The cloud follows me like a nosy neighbor. It thinks it knows me from my comings and goings.
“Your weekend in DC!” it declares when I take a lot of videos of myself atrociously fiddling on the recorder.
“Your trip to Houston!” it grins as it presents me with fourteen photos I took of an already-dented rental car on a work trip.
It has no finesse. It feeds me my past.
Your memories. Three years ago.
Your memories. Five years ago.
Your memories. Ten years ago.
It assumes these memories are all good.
Maybe that’s a fair assumption, based on my behavior. After all, I’ve got a digital garage teeming with these memories. They must mean something to me.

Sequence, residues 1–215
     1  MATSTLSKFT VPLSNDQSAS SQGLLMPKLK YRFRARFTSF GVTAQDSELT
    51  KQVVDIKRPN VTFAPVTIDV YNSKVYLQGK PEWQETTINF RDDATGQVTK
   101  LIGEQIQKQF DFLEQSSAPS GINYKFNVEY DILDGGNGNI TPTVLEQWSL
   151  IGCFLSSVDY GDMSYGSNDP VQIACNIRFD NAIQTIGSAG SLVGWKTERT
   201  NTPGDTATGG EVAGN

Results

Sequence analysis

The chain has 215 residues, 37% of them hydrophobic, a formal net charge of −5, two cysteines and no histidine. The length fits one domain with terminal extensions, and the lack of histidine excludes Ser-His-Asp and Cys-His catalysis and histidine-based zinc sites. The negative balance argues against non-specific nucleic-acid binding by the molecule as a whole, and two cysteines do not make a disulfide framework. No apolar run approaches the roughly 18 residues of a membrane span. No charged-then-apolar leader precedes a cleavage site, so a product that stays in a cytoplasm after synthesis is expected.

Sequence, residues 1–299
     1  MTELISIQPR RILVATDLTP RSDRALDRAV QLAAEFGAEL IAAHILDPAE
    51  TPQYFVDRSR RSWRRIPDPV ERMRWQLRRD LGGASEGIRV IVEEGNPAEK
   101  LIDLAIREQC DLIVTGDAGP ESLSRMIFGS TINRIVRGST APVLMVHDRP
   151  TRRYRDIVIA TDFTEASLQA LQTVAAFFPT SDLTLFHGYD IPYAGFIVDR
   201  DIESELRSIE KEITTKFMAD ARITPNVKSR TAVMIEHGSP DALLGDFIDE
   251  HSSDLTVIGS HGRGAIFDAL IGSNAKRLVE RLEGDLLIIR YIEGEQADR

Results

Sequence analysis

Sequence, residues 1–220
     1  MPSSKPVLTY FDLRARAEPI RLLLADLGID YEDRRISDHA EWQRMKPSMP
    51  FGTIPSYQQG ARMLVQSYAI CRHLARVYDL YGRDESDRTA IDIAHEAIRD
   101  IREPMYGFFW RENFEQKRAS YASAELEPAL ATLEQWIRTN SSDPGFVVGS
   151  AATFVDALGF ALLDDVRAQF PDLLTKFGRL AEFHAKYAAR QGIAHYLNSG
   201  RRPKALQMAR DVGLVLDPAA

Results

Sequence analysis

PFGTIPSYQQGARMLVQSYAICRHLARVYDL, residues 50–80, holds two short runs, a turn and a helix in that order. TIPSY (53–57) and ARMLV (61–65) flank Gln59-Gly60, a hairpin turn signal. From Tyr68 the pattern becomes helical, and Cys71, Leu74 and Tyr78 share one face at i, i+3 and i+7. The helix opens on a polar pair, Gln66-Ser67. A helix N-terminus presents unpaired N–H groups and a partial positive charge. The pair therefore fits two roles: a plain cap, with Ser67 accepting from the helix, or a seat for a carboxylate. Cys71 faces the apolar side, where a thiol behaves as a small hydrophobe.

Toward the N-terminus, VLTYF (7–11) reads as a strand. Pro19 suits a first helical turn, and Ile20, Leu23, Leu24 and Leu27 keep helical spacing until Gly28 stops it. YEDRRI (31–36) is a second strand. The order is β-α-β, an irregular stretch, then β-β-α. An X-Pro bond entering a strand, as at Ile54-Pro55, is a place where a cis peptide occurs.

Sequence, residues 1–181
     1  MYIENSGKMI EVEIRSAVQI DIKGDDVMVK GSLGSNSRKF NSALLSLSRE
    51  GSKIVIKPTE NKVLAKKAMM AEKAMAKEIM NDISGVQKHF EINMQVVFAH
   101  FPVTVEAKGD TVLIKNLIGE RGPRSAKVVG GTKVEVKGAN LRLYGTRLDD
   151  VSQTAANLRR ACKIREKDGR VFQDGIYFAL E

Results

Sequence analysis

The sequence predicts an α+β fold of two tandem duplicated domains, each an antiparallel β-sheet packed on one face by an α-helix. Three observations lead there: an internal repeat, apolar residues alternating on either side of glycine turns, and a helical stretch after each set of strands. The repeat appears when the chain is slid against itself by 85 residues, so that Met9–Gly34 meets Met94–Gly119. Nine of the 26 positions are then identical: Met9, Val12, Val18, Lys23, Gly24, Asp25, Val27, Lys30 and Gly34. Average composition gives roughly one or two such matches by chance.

Or maybe they’re too painful, too overwhelming, to look at long enough to cull.
What the cloud doesn’t know is that having videos of you is so weird. Weird enough to creep me out, but not so weird that I have to purge them. Pictures are strange enough but videos are even stranger. It’s like you’re still alive in my computer. You’re also alive in the world, as far as I know, but in a very different way than you’re alive in my computer. Yet if I scroll back a certain way, there you are in motion and with sound, from years ago. I can stop you and start you when I like. It’s unnatural.
“Cull Google Photos” is a task on my to-do list. It’s been there for literally years, and it will probably be there until the to-do list itself vanishes when the internet collapses. But who knows? Maybe I’ll get around to it one of these days.
In the meantime, I’ve got memories served up to me daily.